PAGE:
No, Bud, no. Here's how you answer that question: "It galvanized us! Are you kidding? That's why we worked all night. We would sooner have cut off our own hands than have one kid be disappointed because he didn't get to go to the ballpark tonight."

And while Bud was at it, he might have smiled, displayed a little happiness, acted like what he was announcing was good news that people wanted to hear, rather than the disappointing third quarter financials for International Widgetdyne.

The players, who can do their share to fix the game's image as well, likewise got off to a lousy new beginning Friday.

Within an hour of word of the settlement leaking out, CNN reporter Jeff Flock was live on the air from outside Wrigley Field, where Cubs players were just starting to arrive. Pitcher Kerry Wood pulled up to the valet parker in a huge black SUV, got out and walked toward the clubhouse door. Flock, perhaps 20 feet away, shouted, "Hey, Kerry! Kerry Wood! Hey, Kerry, how's it feel?" Wood, maybe 20 feet away, clearly in earshot, blithely ignored him. Strolling slowly along in his Hawaiian shirt like the big dude on campus, sipping from a big plastic cup, Wood gave Flock that "I hear you, but I'm so much better than you it's just silly, so I'm not going to acknowledge you" vibe that baseball fans who have had contact with players know all too well.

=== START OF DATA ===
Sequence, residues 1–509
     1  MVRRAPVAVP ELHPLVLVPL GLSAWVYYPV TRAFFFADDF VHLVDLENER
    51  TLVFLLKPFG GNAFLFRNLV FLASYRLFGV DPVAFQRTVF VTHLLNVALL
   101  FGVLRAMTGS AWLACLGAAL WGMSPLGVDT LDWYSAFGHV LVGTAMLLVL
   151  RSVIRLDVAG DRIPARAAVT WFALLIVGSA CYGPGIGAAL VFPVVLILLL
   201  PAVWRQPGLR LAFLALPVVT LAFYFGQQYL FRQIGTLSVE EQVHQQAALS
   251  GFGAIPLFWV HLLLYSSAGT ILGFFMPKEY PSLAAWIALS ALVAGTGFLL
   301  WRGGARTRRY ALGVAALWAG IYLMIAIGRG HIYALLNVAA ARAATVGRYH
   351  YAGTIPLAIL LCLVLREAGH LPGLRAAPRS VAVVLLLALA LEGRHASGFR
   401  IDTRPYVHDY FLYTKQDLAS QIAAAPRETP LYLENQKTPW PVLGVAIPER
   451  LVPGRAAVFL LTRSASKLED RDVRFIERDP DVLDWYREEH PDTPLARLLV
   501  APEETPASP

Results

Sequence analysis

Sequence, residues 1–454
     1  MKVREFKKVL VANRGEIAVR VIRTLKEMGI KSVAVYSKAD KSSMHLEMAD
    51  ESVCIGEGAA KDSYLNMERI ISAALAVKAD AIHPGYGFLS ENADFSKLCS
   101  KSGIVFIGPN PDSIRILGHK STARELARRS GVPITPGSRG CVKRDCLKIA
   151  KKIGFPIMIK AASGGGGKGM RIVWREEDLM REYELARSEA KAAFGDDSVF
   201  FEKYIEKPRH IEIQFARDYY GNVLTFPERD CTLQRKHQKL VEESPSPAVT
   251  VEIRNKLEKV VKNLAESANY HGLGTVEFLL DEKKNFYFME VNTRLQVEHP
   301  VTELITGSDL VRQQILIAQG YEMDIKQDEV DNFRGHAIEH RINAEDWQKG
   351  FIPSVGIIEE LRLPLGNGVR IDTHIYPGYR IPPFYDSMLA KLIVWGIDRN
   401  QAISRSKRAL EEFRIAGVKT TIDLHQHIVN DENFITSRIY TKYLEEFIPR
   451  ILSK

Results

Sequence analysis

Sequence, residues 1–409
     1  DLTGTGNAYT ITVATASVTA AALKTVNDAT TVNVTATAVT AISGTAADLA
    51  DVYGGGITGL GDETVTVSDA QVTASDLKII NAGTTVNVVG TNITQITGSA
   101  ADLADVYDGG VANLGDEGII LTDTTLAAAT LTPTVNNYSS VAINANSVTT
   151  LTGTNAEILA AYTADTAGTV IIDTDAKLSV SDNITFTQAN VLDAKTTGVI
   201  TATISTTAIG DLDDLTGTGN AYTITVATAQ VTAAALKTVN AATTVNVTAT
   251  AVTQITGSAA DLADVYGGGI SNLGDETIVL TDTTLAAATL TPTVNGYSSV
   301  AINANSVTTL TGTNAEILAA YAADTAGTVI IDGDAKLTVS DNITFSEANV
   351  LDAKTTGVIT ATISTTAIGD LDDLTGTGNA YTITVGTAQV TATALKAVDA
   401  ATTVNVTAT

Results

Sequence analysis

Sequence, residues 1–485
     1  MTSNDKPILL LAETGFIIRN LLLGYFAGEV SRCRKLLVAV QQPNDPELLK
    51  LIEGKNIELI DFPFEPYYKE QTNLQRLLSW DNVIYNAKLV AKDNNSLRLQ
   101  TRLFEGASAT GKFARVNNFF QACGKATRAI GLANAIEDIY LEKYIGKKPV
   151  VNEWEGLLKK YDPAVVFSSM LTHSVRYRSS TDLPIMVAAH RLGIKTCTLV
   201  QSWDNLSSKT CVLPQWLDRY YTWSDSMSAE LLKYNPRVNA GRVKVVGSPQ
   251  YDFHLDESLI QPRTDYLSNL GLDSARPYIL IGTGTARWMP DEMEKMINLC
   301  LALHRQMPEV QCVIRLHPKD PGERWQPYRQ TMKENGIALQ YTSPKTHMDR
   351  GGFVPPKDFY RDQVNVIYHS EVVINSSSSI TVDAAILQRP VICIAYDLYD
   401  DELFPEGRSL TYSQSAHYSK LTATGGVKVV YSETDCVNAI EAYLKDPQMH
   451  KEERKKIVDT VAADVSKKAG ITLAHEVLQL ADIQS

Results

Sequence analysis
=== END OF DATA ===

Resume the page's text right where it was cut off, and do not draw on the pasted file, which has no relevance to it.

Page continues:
Players need to do their part. Be nice to the fans. Say hello. Wave. Sign the autographs. Take a second. Have you ever been around a big league dugout during batting practice? Kids crowd around, leaning over the rail, calling the players' names over and over, trying to get their attention, begging for autographs. The players, with a few exceptions, ignore them.

Sure, they're working. They've got jobs to do and usually there are team rules against them signing autographs during batting practice. But how hard would it be to look up, wave, smile and say, "Sorry, can't do it now"?